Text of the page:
See and hear: “Our system provides instant visibility and communication into a situation. So you would be able to see and hear exactly what’s going on throughout the building,” Sherizen told eJP. “And that can often lead to a much faster response.”

Read the full story here.


Michigan congregant eyes Supreme Court in battle with antisemitic picketers

Eliott Sorkin

In the latest move in a long-simmering conflict between an Ann Arbor, Mich., synagogue and a group of demonstrators who have picketed its Shabbat services for nearly two decades, one congregant is now asking the Supreme Court to intervene, while facing a recent ruling that he and a co-plaintiff must pay more than $150,000 in court costs for the demonstrators, Jewish Insider’s Marc Rod reports.

Background: For 18 years, demonstrators affiliated with a group calling itself Witness for Peace (WFP) — formerly Jewish Witnesses for Peace and Friends — have displayed dozens of provocative signs on both sides of the road outside Beth Israel Congregation each week on Saturday morning as congregants arrive for Shabbat services. Signs include messages such as “Resist Jewish power” and “End Jewish Supremacism in Palestine.” The Anti-Defamation League describes WFP as “anti-Semitic” and its leader, Henry Herskovitz, as a Holocaust denier.

See you in court: In 2019, Beth Israel congregant Marvin Gerber and Miriam Brysk — who attends another congregation that holds services at the synagogue — filed suit against Herskovitz and his associates in federal district court, arguing that WFP violates their First Amendment right to freely practice their religion. WFP, supported by the American Civil Liberties Union, counters that the demonstrators are exercising constitutionally protected free speech rights. Thus far, the congregants’ argument has not been successful, with federal district and circuit courts siding against them.

Reinforcements: Gerber is now petitioning the Supreme Court to take up the case. He has until April 1 to file a formal petition. Nathan Lewin, who has argued before the Supreme Court nearly 30 times, recently agreed to represent Gerber pro bono. “The Jewish community in the United States should view [the lower-court ruling] as a clear and present danger,” Lewin toldJI. “Not only because it combines what [the lower-court judge] viewed as simply being anti-Israel propaganda with what is sheer antisemitism. But I think what is most important is that it really hinders, intimidates, harasses people going to the synagogue, the right to worship.”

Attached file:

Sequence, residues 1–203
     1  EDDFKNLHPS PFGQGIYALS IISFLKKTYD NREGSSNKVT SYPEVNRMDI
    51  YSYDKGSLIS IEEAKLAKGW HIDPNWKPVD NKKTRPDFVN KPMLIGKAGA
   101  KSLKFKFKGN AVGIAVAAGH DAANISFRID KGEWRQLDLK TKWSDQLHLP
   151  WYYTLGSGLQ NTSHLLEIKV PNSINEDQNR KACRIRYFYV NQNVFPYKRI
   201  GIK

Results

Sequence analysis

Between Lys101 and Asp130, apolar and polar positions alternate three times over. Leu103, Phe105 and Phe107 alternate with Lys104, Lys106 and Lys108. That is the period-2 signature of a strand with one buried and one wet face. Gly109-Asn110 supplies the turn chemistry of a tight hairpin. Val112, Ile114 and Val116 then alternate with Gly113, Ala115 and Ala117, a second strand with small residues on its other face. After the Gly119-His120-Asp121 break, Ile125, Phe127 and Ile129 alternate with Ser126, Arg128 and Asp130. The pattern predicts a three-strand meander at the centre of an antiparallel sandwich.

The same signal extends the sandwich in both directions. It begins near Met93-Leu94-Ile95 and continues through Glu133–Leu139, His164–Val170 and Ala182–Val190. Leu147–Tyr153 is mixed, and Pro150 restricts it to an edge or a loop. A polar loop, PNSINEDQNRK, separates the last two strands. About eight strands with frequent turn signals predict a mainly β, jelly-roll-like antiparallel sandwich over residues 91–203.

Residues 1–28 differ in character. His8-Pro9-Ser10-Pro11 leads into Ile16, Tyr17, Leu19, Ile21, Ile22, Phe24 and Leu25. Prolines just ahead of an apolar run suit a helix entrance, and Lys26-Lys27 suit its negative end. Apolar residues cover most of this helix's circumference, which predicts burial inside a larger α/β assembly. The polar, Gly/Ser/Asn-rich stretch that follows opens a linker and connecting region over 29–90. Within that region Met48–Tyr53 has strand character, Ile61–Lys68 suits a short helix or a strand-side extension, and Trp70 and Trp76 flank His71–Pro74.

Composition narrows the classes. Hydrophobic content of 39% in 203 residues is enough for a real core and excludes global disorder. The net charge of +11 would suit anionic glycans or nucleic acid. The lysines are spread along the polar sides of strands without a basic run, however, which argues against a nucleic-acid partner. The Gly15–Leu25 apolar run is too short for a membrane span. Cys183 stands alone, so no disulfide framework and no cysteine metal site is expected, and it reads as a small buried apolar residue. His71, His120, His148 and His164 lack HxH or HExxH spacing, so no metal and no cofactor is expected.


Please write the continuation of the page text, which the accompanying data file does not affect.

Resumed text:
Read the full story here.


Salary transparency will soon be mandatory in New York City


“Mandated salary transparency on job descriptions is coming to New York City. With as many as 4,000 Jewish organizations, synagogues and schools in the NYC area, this represents a significant shift in culture for tens of thousands of employees,” writes Jessica Rothbart, an advisory board member for the Gender Equity in Hiring Project, in an opinion piece for eJewishPhilanthropy.

Tipping point: “Salary transparency has been done in earnest in the Jewish community since 2018. That’s when I entered the Gender Equity in Hiring Project‘s first cohort of Gender Equity advocates in summer 2018. We cautiously discussed the pros and cons of why a salary range closes the gender salary gap and how to get leadership invested at the dozen Jewish organizations represented around the table. With nine cohorts now completed, many organizations shifted their practice. Salary transparency on job postings started appearing in different forms – hourly wage amounts, annual salary ranges, exact numbers – along with explanations of benefits that added to an employee’s overall package. The shift was in motion, but the tipping point for all organizations will be [when the city’s mandate goes into effect on] May 15, 2022.”